“For the person themselves or for a family member who wants to make Christmas easier for the person with an eating disorder, think ahead and plan it.

“Ask yourself what’s the one thing about Christmas Day that’s important to you, or the person with the eating disorder, and work together to make that happen. They might want to be relaxed around Christmas dinner so you may have to compromise over the time of dinner.

If the person is eating dinner, they might not have a late breakfast or the fry-up that everyone else is having. If you’re having a big meal in the middle of day and that is different to the person’s schedule, you could compromise and have dinner at a different time or if you’re having dinner in the middle of day, have lunch in the evening, help the person plan.

Another way to help a person who may be struggling is to allow them to be involved in food preparation if they want to.

“You could be going to your auntie’s house for dinner and eating with people you may not normally eat with. Can there be a conversation with the cook in advance? Can there be a bowl of spuds on the table that doesn’t have butter? Can there be a conversation about how stuff is being cooked? Can there be different food options available?

“It’s not to say that everything has to change, but there can be compromises to make it as easy as possible for the person with the eating disorder,” Parsons said.

She added that if a person really needs to stick to their food plan, let them. The person may choose to eat before everyone else and sit out a group meal. “It doesn’t matter, allow that, let them sit down and watch a film. It’s about not making them feel awkward,” Parsons said.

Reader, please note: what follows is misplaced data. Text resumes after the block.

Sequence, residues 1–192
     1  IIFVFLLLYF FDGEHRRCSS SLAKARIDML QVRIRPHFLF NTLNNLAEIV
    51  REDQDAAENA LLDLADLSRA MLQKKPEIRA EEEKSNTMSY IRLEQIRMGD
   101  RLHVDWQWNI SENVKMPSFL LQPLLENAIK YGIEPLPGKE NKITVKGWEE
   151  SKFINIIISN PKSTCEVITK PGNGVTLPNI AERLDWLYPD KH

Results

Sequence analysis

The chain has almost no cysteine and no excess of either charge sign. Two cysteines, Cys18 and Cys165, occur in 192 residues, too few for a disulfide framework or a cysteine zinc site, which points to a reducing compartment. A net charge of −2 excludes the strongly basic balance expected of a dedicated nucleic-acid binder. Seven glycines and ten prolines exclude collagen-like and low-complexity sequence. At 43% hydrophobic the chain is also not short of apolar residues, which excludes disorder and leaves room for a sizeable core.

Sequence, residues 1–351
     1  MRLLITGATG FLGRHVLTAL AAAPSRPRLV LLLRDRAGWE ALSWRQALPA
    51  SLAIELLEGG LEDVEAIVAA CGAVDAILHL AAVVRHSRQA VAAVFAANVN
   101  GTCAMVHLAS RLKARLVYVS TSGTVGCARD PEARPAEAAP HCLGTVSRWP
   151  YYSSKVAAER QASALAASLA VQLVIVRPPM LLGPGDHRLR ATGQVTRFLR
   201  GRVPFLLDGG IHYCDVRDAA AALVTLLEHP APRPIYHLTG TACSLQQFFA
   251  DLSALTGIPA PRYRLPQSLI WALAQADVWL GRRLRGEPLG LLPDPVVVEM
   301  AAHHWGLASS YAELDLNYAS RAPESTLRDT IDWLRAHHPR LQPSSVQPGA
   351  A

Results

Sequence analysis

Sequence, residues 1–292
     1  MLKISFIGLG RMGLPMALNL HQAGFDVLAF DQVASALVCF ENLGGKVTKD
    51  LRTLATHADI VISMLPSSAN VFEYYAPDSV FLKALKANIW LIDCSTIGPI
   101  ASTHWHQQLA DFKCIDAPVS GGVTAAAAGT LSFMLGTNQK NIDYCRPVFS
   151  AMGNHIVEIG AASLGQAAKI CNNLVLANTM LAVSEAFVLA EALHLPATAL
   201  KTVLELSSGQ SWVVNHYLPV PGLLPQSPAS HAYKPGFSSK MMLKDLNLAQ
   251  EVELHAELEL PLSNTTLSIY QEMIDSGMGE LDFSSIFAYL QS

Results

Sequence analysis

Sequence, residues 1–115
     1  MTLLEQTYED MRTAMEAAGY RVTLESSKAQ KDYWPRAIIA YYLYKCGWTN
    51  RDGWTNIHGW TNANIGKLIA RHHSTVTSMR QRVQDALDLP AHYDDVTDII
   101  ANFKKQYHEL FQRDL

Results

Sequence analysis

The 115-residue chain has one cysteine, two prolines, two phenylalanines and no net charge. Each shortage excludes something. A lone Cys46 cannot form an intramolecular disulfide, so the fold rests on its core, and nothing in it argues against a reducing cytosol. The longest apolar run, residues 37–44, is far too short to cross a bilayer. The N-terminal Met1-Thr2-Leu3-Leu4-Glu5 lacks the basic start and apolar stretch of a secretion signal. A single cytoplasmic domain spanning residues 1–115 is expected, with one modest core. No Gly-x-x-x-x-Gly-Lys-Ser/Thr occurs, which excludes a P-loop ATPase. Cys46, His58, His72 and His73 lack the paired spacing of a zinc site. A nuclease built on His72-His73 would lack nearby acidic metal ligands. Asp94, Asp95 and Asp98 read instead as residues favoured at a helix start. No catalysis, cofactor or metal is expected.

‘Code word’

In order to avoid someone saying the wrong thing, people may debate whether or not to tell relatives about a person’s eating disorder in advance.

“People often wonder if they should tell other family members that a loved one is struggling with an eating disorder. It depends – sometimes people don’t want everyone to know, but there is the potential risk of someone saying something triggering.

“A compromise could be that the family is told that the person is struggling (without giving exact details) so please don’t comment on how they look or what they’re waiting. It depends on the family dynamics,” Parsons explained.

One way to mitigate such a scenario is to have agreed a code word or phrase in advance.

It may be helpful to have a ‘code word’ so the person can let you know if they’re in a panic, maybe granny has just commented on the food I’m eating or how great I’m looking, that must mean I’m putting on weight and eating too much.

“Have a way of communicating to a family member that you need support so they know ‘My head is going bananas here, I need you to take me out of this situation and calm me down’ without having to say this in front of other people. Maybe you could say something like ‘I’ve cut my finger’ and leave the room,” Parsons said.